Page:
First American Title has agreed to pay $680,000 in a settlement with the Department of Housing and Urban Development over a probe of alleged kickbacks involving sham affiliated business partnerships, HUD said today.
HUD claimed First American Title Insurance Co., doing business as Memphis Title Co., made payments through alleged sham affiliated businesses in the Memphis area in violation of anti-kickback and unearned fee provisions of the Real Estate Settlement Procedures Act, known as RESPA.
First American agreed to make payment to the U.S. Treasury and cease any further business operations involving the alleged sham business partnerships.
“The law is clear on this point,” said Brian Montgomery, HUD’s assistant secretary for housing and FHA commissioner. “Parties that perform real work in the mortgage transaction deserve bona fide compensation, but fabricating sham affiliations for the purpose of obscuring kickbacks violates the law.”
First American spokesman David Schulz said, “At this point in time the company is not commenting on this title situation.”
Affiliated business arrangements are partnerships between real estate entities such as title insurance companies, mortgage lenders and real estate brokers. The arrangements are legal under RESPA, as long as certain guidelines are followed, such as disclosing the relationships to consumers. RESPA regulates referrals and other practices in the real estate closing process.
Companies engaged in affiliated business partnerships say they go to great lengths to ensure they are properly following regulations.
HUD said today that its investigation determined that First American created or acquired eight affiliated title companies with various builders, real estate agents and mortgage brokers.
According to HUD, the agency found that the companies were paid for certain title and settlement work they did not perform – services that were essentially provided by First American. HUD concluded that the companies were sham businesses used to make referral payments back to the builders, real estate agents and mortgage brokers in violation of RESPA, the agency said.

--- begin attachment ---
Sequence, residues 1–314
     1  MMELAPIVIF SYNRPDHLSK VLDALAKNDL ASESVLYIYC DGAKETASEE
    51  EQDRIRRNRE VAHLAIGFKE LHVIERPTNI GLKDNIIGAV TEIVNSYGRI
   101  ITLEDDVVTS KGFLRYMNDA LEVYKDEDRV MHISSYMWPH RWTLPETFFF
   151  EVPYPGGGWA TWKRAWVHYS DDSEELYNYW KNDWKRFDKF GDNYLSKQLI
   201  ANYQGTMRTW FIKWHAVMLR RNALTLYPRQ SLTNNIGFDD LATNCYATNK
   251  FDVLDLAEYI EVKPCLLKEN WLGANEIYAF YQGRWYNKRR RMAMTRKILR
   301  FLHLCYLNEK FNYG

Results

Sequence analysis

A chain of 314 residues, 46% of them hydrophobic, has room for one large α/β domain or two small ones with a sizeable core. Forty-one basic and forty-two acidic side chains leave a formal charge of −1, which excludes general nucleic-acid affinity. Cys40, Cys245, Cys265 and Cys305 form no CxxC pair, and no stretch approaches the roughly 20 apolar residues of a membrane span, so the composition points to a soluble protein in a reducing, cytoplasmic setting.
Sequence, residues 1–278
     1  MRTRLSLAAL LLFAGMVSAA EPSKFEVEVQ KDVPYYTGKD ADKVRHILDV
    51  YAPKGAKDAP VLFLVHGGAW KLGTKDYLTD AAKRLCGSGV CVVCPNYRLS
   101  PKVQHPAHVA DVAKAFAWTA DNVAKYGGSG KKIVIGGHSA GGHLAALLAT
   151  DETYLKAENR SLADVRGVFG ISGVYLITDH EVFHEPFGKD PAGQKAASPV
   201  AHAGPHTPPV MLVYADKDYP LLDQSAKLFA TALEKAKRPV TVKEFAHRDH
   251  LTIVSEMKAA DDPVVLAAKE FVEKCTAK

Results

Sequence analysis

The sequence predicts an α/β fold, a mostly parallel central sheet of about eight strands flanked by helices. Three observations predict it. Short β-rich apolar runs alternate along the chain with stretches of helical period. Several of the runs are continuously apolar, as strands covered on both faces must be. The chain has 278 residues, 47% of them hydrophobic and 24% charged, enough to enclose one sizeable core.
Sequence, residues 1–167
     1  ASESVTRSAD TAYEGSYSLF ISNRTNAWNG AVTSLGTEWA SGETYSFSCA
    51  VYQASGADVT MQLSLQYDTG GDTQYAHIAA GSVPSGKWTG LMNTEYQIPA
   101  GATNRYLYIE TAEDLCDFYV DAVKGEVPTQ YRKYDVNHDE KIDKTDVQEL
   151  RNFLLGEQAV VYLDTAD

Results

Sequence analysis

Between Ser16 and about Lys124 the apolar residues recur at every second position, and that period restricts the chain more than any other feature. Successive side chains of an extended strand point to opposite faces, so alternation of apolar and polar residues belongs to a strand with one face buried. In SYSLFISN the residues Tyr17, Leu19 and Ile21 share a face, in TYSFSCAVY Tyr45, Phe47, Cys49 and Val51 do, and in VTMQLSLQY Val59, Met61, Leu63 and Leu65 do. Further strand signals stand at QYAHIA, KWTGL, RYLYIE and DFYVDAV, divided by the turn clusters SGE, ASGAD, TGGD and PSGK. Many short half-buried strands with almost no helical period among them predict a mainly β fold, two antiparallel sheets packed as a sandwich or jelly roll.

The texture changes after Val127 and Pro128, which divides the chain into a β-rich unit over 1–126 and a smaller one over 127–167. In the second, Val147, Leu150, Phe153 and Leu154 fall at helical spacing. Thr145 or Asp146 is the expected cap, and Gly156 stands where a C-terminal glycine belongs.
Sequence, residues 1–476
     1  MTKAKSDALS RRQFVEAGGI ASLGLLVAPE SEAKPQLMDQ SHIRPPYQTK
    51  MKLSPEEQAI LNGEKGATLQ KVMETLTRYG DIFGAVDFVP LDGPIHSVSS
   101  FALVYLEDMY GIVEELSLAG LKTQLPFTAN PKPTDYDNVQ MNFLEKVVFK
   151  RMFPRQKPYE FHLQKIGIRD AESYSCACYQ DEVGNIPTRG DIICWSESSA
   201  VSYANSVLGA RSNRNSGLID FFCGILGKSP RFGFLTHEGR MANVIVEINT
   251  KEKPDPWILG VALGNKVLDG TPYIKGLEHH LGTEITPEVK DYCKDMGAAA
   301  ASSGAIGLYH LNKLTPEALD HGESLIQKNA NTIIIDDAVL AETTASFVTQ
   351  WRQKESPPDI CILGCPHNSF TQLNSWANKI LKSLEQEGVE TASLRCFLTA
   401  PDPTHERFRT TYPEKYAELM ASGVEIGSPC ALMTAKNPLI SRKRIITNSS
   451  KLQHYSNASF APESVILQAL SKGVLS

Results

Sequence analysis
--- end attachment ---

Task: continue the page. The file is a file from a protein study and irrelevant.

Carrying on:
Section 8 of RESPA prohibits a person from giving or accepting anything of value in exchange for the referral of settlement service business, according to a description on HUD’s Web site. It also prohibits a person from giving or accepting any part of a charge for services that are not performed.
In its settlement with HUD, First American made several additional agreements.
These were: that if it formed affiliated companies in the Memphis area in the future, each company would have sufficient initial and operating capital to perform settlement services; that it would be staffed with employees who work for that entity and are not shared with any other settlement service provider.
First American also agreed that each company would have an office for its use in conducting business that is separate and apart from that of any other title entity; and that it would comply with HUD policy statements with regard to the performance and payment for title services.
In addition, First American agreed that each company would compete for title insurance business and seek business from parties other than the builders, real estate agents and mortgage brokers or other settlement service providers with which it has an affiliate relationship; and refrain from practices providing unearned fees or kickbacks for the referral of settlement service business.
Affiliated business arrangements have come under increased scrutiny in the wake of investigations into title insurance industry referral practices.
Colorado’s insurance division is investigating real estate title insurers for alleged kickbacks. The investigation set off a national probe of title insurance companies in several other states. In the alleged schemes, title insurers agreed to give about half of the premium on title insurance policies to captive reinsurance companies created by the other conspirators. The parent companies of those captives would in turn refer business to the title insurer.
In the Colorado probe, First American agreed to refund about $24 million to consumers nationwide without admitting liability or wrongdoing.
Recently, Colorado Deputy Insurance Commissioner Erin Toll began investigating ABAs for possible similar misdeeds.
Several years ago, the U.S. Department of Housing and Urban Development, which polices RESPA, began allowing title insurance companies, private mortgage insurance companies and others to form affiliated business arrangements.
In a typical arrangement, a real estate brokerage will set up a joint venture with a mortgage lender, for example. The partnership typically provides an in-house, one-stop shopping experience for the home buyer or seller, offering brokerage, lending, and even closing services under one roof.
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